Moonstruck

Synopsis: No sooner does Italian-American widow Loretta (Cher) accept a marriage proposal from her doltish boyfriend, Johnny (Danny Aiello), than she finds herself falling for his younger brother, Ronny (Nicolas Cage). She tries to resist, but Ronny lost his hand in an accident he blames on his brother, and has no scruples about aggressively pursuing her while Johnny is out of the country. As Loretta falls deeper in love, she comes to learn that she's not the only one in her family with a secret romance.
Genre: Comedy, Drama, Romance
Production: MGM Home Entertainment
  Won 3 Oscars. Another 15 wins & 19 nominations.
 
IMDB:
7.1
Metacritic:
83
Rotten Tomatoes:
92%
PG
Year:
1987
102 min
1,395 Views


FADE IN:

INT. ZITO'S BREAD STORY - DAY

Several dozen loaves of golden Italian bread are standing on

end in a shaft of morning sunlight. They are standing on end

in bins. In the window, ZITO'S can be read in reverse.

We leave the loaves and DRIFT DOWN TO a Progresso Products

calendar, which hangs from the wall by a nail. The month is

November. Various phone numbers and delivery dates have been

penned in in a rough scrawl. Now WE GO TO a white formica

counter, scuffed and pocked from long use. On the counter,

in a rinsed out olive jar filled with water, are three fat

red roses. The TITLE APPEARS IN BLACK SCRIPT AGAINST THE

WHITE BACKGROUND.

MOONSTRUCK:

Now WE FAINTLY HEAR THE VOICE of Zito himself, and a low

TAPPING SOUND. SOME CREDITS ROLL.

ZITO'S VOICE

(barely discernable)

Three times they cancel the order

with me, and three times they come

back. Who they kidding? They cheap,

cheap, cheap. The other bread they

get is no good. They save pennies.

Everybody complain and they come

back. "Zito, your bread is the best."

They're like children stupid in school

who cannot learn. The water. It's

the water. You buy bread in Hoboken,

you get Hoboken water. Hoboken water

is dry. Ask anybody who knows. Ask

your father. He knows.

During Zito's plaintive words, WE LEAVE the roses and MOVE

DOWN the counter TO a calculator being tapped very efficiently

with the eraser end of pencil. When the results appear, the

pencil notes the figure in a threadbare old ledger.

NOW WE SEE ZITO:

He's a middle-aged Italian man with a kind face. But it's

early in the day, and he's already been working for hours,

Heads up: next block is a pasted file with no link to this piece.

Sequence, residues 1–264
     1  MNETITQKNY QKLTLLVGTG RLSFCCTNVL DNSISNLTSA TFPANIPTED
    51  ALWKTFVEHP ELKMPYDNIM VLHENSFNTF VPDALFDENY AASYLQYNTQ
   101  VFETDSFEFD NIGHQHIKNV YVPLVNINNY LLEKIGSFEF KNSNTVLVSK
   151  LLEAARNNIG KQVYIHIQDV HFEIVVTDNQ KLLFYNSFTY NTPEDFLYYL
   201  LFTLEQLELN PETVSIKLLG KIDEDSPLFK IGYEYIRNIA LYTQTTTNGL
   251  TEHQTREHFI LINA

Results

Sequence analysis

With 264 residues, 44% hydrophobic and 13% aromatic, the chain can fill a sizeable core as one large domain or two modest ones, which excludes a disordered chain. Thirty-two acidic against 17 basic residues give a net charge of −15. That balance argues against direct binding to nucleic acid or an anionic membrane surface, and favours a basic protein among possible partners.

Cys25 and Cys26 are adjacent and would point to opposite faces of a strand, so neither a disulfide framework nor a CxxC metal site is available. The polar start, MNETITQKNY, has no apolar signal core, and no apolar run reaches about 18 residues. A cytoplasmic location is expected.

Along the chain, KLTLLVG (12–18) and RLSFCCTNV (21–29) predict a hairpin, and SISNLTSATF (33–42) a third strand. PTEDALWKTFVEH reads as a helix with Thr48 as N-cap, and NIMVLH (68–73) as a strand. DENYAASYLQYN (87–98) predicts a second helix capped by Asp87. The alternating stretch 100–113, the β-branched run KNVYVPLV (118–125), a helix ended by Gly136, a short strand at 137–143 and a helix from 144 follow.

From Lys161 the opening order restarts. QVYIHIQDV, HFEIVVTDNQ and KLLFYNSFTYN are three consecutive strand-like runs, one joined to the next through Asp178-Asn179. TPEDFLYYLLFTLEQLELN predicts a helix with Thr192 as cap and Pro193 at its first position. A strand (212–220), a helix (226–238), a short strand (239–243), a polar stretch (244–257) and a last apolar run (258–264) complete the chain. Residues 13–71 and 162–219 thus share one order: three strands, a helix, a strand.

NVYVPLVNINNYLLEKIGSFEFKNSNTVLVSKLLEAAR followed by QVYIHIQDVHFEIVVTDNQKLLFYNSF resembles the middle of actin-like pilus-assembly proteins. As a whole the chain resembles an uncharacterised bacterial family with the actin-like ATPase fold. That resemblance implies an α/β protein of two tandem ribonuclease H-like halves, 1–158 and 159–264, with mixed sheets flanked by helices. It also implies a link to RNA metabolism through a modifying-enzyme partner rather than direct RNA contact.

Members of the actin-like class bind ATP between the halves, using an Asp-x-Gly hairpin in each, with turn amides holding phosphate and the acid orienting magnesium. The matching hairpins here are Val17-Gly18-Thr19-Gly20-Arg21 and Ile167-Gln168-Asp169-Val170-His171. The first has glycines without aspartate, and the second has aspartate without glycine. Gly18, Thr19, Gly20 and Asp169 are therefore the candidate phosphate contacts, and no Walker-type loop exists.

so he's a little tired and disgruntled.

ZITO:

You want me to make you some coffee?

NOW WE SEE LORETTA FOR THE FIRST TIME

She's entering a few final figures in the ledger. LORETTA is

Italian, 37. Her hair black, done in a dated style, is flecked

with grey. She's dressed in sensible but unfashionable clothes

of a dark color.

LORETTA:

What d'you know about coffee? Gimme

a loaf of bread.

EXT. ZITO'S BREAD STORE - DAY

Loretta emerges with her little weathered leather bookkeeping

satchel and a loaf of Zito bread in a white paper bag. She

moves off briskly.

EXT. A.J. CONTI FUNERAL CHAPEL - DAY

This is a little Italian funeral parlor.

INT. THE "WAKE" ROOM"

A generic little room filled with many flowers and wreathes,

many folding chairs, a few OLD PEOPLE sitting and, up front,

the star of the show, the CORPSE on display in his gold and

formica casket. Before the casket is a little kneeler. We

discover an OLD LADY there, who crosses herself and rises.

She goes and sits by RUBY, another old women. She leans over

and says.

OLD WOMAN:

He looks great.

RUBY:

That Al Conti is a genius.

INT. OFFICE OF THE FUNERAL PARLOR

First WE SEE a name plate on a desk. The plate reads ALFONSO

CONTI. We HEAR his VOICE.

CONTI'S VOICE

I am a genius.

The SHOT WIDENS TO INCLUDE the loaf of bread which is half

cut up and being buttered. Next to the bread are two steaming

mugs of coffee. We HEAR the subdued TAPPING of Loretta's

tabulations.

LORETTA'S VOICE

If you're such an artistic genius,

why can't you keep track of your

receipts? How am I going to do your

income tax?

CONTI'S VOICE

I am an artistic genius.

The SHOT WIDENS and now we can see Al Conti and Loretta

sitting at the desk having Zito's buttered bread and mugs of

coffee. Loretta's got her calculator going and is entering

figures in Al's black, gold-lettered ledger.

LORETTA:

If you're an artistic genius, how

come you got butter on your tie?

He looks down and sees the stain. He's at a loss.

LORETTA:

Give it here. I'll give you this,

Al, you make good coffee.

She downs her coffee, accepts the stained tie which Al has

taken off, and slams the ledger shut.

INT. ROBERT'S DRY CLEANERS - DAY - MORE CREDITS ROLL

We are looking at a wall of dry-cleaned clothes bags. They

are hanging from an automated grid. As we watch, the wall

starts to move off to the left. A gap appears where no clothes

are hung. The gap creates visual frame. In the frame is

ROBERT. He is operating the grid with a little stick shift.

He stops it and takes down a garment. He leaves the frame,

heading off to the counter. When he moves away, WE SEE that

Loretta is behind him, working her calculator, entering in a

ledger. She slams the ledger shut, waves goodbye, and goes.

After beat she reappears, produces Conti's tie, says something

to Robert, who is out of view, leaves the tie, and

INT. BUTCHER SHOP - DAY

WE SEE a cleaver whacking an oxtail into section.

Now WE SEE Loretta, a few feet away, tabulating on a chopping

block that is partially obscured by a row of hanging rabbits,

unskinned.

INT. A FLORIST SHOP - DAY

Rate this script:4.5 / 2 votes

John Patrick Shanley

John Patrick Shanley is an American playwright, screenwriter, and theatre and film director. His play Doubt: A Parable won the Pulitzer Prize for Drama as well as the 2005 Tony Award for Best Play. more…

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